Materials and Methods

1. Design

This study employed a retrospective design involving medical records. The research was conducted at the outpatient and inpatient facilities of Dr. Soetomo Hospital General Academic Hospital, located in Surabaya, Indonesia.

2. Patients

The study sample included patients with CP aged between 1 and 16 years who had undergone MRI examination of the head. CP refers to permanent neurological disorders that affect movement and posture, resulting in non-progressive physical limitations that occur during a child’s brain development. The Gross Motor Function Classification System (GMFCS) scale is used to classify functional motor limitations in CP cases. This scale ranges from grade 1 to grade 5. Patients are classified as GMFCS level 1 if they can walk without meaningful impediments; level 2 if they can walk with some limitations; level 3 if they require a hand-held mobility device; level 4 if they can move independently but with limited abilities (they may use powered mobility); and level 5 if they can move only with the assistance of a wheelchair. In the present study, a pediatric neurologist determined the diagnosis of CP and the GMFCS level. A GMFCS scale score of 4 or 5 indicates severe CP, while a score of 1 to 3 suggests mild to moderate CP. Nutritional status was determined based on weight-for-age and length-for-age measures according to the CP growth chart.

3. MRI classification

The device used for MRI, including magnetic resonance spectroscopy and perfusion, was the MR360 Optima 1.5T (GE Healthcare, Chicago, IL, USA). An expert neuroradiologist interpreted the brain MRIs. The results were classified as either normal or abnormal. The abnormal MRI category encompassed lesions in the gray matter, characterized by either a hyperintense/hypointense signal or a reduction in volume in the superficial gray matter, deeper gray matter, or both. It also included lesions in the white matter, identified by a hyperintense/hypointense signal or a decrease in volume in the periventricular or deeper white matter regions, or the presence of ventricular enlargement or cysts. Lesions suggestive of vascular injury were also classified as abnormal if they exhibited a hyperintense/hypointense signal or a reduction in volume in the affected area, in accordance with its vascularity. This category included lesions resulting from hemorrhage, ischemia, or sinus thrombosis. Brain malformations were considered abnormal if unusual structural formations were present in the brain. These include abnormalities in the gyrus, such as pachygyria, polymicrogyria, or lissencephaly; schizencephaly; abnormalities of the corpus callosum and cerebellum; and hydrocephalus.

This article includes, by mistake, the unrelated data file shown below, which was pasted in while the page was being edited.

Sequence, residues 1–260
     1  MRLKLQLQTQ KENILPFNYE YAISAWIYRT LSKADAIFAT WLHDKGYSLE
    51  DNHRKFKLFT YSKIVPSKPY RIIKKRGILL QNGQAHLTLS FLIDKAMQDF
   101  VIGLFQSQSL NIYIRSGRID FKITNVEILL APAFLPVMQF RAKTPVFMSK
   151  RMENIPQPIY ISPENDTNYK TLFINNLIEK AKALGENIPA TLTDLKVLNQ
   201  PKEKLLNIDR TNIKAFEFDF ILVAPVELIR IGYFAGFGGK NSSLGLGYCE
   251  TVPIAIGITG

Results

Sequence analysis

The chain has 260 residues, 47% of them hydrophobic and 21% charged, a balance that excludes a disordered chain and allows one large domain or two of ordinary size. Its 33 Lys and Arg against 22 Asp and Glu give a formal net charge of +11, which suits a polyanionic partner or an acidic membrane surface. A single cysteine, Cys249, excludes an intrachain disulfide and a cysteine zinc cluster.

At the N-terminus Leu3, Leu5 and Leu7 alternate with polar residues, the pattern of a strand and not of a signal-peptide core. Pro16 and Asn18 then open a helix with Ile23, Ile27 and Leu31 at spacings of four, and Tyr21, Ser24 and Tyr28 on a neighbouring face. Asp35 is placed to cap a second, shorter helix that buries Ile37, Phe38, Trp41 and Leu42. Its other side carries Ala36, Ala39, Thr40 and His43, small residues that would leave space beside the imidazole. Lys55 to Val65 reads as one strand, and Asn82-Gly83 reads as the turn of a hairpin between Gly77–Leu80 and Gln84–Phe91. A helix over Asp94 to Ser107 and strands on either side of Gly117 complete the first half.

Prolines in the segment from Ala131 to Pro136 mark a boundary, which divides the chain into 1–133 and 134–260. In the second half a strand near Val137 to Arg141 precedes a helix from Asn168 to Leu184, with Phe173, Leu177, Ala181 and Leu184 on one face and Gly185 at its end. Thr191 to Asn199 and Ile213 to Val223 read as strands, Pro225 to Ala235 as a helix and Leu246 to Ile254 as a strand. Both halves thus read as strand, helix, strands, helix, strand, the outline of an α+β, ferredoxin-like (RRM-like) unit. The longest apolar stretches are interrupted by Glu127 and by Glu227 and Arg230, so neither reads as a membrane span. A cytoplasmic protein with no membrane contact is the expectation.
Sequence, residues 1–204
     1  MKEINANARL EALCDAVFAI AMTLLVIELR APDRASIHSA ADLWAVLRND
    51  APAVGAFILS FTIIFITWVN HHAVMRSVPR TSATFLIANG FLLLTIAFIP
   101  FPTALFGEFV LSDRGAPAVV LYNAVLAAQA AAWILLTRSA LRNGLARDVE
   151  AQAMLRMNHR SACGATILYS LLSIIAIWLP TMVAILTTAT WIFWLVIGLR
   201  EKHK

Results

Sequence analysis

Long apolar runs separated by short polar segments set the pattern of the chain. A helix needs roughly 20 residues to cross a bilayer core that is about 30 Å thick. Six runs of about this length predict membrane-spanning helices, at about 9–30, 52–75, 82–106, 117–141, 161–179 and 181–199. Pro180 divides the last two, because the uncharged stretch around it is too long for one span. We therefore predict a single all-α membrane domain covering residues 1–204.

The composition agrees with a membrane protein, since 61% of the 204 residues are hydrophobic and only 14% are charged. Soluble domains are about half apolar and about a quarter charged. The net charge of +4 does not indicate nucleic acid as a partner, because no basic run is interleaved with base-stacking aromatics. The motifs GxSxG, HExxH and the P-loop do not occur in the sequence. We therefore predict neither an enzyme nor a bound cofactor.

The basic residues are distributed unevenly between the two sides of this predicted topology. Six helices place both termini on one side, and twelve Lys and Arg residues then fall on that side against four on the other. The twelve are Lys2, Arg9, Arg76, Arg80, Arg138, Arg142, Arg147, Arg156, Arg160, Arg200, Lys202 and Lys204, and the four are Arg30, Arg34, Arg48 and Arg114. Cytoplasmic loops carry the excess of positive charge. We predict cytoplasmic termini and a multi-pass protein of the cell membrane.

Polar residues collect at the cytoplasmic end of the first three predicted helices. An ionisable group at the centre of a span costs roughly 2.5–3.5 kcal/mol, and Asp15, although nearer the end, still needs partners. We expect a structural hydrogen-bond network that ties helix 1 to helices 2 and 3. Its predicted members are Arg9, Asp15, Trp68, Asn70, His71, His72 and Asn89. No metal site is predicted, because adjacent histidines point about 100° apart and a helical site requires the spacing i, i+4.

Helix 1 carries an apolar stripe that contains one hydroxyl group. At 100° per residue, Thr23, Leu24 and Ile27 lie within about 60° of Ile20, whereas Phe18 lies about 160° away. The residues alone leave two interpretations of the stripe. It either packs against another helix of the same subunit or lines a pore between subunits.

4. Ethics

This research was registered with and received approval from the Ethical Committee of Medical Professional Research at Dr. Soetomo Hospital in Surabaya, Indonesia, under the reference number 211-Year 2017Panke.KKE-III. Written informed consent by the patients was waived due to a retrospective nature of our study.

5. Statistics

This study employed analytical descriptive statistics. We analyzed relationships using the chi-square test and the Kruskal-Wallis test in SPSS version 24 (IBM Corp., Armonk, NY, USA). A two-sided P value of less than 0.05 was considered to indicate statistical significance.


Of 60 patients with CP, 50% were classified as having severe CP, while the remainder were categorized as mild to moderate cases. The majority of these patients, regardless of CP severity, were self-referred to the hospital and resided in Surabaya. The most common etiology underlying severe CP was found to be prenatal issues, such as congenital infections. Perinatal problems related to birth asphyxia and prematurity, as well as postnatal complications due to brain infections and seizures, were also identified. A history of seizures, as evidenced by an epilepsy diagnosis, was present in 66.7% of patients with severe CP. The most common type of CP, both in mild-to-moderate and severe cases, was quadriplegia (Table 1).